It’s a decades-long puzzle: Why does opera-great Michael Tilson Thomas gird the globe regularly, but fail to cross Grove Street from Davies Symphony Hall to the War Memorial Opera House?
The San Francisco Symphony music director, about to launch his 25th and final season with the orchestra, is well-known for his interest and expertise in conducting vocal music, having received rave reviews for his many concert and semistaged choral and opera performances in Davies Hall, including Beethoven’s Missa Solemnis, Wagner’s The Flying Dutchman (landing in Davies again next season), Britten’s Peter Grimes, and many others.
One reason MTT may have stayed away from opera houses is that rehearsals there can take weeks or months, against — at most — three-to-four days of preparations for symphony concerts.
Lest this appear a personal hobbyhorse, here’s current prose from SFS itself: “An ardent interpreter of vocal music, Michael Tilson Thomas has further defined his tenure as SFS Music Director with performances of memorable choral and vocal works, from opera to art song to musical theater.”
And so, the vocal treasures of the 2019–2020 season include a wealth of what MTT is ardent about, climaxing with big choral/vocal works at the end of the season. Next conclusion of the next season will also mark when the baton passes to his successor, Esa-Pekka Salonen, a maestro with his own preference for vocal works.
MTT’s June 2020 finale will have both Wagner’s The Flying Dutchman and Mahler’s Symphony No. 8 (“Symphony of a Thousand”), one of the largest-scale choral works in the classical concert repertoire, in Davies Hall, giving MTT a grand exit.
The June 11–15 Wagner performances will feature Catherine Nagelstad as Senta, Stuart Skelton as Erik, and Greer Grimsley as the Dutchman. Soloists in the June 25–28 Mahler are Grimsley, Erin Wall, Sophie Koch, and Kelley O’Connor.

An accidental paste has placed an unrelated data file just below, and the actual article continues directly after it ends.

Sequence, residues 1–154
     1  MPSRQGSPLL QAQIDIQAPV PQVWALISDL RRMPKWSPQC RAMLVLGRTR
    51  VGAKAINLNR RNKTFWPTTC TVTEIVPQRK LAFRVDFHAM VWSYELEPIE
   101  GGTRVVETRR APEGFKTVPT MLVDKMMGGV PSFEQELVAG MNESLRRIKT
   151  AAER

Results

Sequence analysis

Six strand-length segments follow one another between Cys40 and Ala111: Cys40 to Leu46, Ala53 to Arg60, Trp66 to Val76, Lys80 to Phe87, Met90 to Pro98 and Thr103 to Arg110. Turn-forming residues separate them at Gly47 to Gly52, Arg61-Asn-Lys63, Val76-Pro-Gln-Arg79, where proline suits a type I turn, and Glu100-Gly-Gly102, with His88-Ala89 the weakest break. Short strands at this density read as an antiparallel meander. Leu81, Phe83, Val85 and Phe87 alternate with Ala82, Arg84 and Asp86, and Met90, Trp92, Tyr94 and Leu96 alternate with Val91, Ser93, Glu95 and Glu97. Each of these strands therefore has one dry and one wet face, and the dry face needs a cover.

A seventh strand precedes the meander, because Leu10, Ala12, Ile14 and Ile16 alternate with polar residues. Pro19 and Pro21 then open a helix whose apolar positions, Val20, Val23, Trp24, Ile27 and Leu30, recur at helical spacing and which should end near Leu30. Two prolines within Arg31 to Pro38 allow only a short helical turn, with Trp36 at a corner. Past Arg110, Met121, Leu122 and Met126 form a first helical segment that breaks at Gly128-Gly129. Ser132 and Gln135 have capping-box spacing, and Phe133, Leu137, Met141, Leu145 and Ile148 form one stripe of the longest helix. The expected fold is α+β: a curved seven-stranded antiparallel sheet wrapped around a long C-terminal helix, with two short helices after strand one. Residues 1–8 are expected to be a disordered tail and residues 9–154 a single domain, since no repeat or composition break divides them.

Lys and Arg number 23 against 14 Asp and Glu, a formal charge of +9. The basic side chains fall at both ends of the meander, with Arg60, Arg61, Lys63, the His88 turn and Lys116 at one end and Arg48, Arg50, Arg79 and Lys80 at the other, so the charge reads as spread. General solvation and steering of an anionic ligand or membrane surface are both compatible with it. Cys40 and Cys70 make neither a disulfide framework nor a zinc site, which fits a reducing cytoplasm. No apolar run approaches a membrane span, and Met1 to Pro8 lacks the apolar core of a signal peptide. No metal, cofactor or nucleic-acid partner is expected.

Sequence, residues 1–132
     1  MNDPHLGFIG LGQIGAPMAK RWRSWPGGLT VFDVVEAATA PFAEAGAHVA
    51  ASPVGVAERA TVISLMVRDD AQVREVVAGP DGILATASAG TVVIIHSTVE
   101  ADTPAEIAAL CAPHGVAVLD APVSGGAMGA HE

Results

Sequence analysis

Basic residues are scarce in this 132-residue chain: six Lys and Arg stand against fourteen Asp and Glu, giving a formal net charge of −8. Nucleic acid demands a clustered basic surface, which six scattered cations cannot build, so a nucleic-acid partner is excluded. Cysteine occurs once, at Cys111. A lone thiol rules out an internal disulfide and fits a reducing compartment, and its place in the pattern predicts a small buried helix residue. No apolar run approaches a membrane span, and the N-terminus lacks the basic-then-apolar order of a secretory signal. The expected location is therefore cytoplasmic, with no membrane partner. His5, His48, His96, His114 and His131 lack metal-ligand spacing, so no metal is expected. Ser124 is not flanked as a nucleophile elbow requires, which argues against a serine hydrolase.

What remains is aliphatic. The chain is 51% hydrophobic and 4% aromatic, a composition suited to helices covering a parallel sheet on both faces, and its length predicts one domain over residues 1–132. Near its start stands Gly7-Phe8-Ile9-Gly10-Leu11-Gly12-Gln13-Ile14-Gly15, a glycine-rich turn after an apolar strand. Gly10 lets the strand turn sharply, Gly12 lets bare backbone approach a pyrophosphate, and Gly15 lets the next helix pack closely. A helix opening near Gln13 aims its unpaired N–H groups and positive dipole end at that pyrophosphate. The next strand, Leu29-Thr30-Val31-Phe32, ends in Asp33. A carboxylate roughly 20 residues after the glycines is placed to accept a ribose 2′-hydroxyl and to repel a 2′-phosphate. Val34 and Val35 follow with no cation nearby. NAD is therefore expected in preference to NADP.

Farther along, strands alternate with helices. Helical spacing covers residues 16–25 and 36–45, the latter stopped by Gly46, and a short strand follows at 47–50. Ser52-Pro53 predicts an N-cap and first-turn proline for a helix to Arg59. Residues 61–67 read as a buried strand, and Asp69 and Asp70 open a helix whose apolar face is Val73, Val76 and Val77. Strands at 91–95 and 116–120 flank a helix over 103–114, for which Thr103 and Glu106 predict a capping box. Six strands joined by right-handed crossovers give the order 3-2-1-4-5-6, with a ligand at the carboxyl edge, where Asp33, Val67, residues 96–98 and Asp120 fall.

Both works feature the chorus prominently and Ragnar Bohlin’s San Francisco Symphony Chorus will be ready for the challenge. The chorus will have a major role in the season, filling a leading role in The Flying Dutchman, Mahler’s Eighth Symphony, and Brahms’s German Requiem, in addition to Bohlin-conducted performances of Handel’s Messiah (Dec. 13–14), and Bach’s Magnificat with Handel’s Dixit Dominus (April 4).
Soloists in Messiah include soprano Lauren Snouffer, countertenors Aryeh Nussbaum Cohen and Ben Bliss, and bass Adam Lau.
“I am thrilled,” Bohlin says, “that we will be duly challenged with some really big works in MTT’s final season. Ending the season with the Brahms, The Dutchman, and Mahler’s Eighth will be hard work, but especially exciting.”
At the very beginning of the season, the program will be prominently “vocal” — the Sept. 4 gala opening includes the “Ode to Joy” finale of Beethoven’s Ninth Symphony, and the Sept. 26–28 concerts feature tenor Nicholas Phan tenor in Stravinsky’s Canticum sacrum and the SFS Chorus in his Symphony of Psalms. Stravinsky’s Symphony in Three Movements is also on the program, along with the Haydn Cello Concerto No. 2, Oliver Herbert soloist.
Mezzo-soprano Sasha Cooke, who has more than a decade-long association with MTT and the SF Symphony, is engaged for a Symphony residency of performances and an educational project, which involves visits to San Francisco classrooms over the course of the school year where she will explore the relationship between literature and music with students. Cooke says:
An artist residency with the San Francisco Symphony feels like an even greater gift of artistic freedom than the one I’ve already experienced there over many years. For me, the SFS has always represented an artistic home. Through this residency, I hope to share different aspects of my artistic life and to deepen my relationship with the city and with Michael.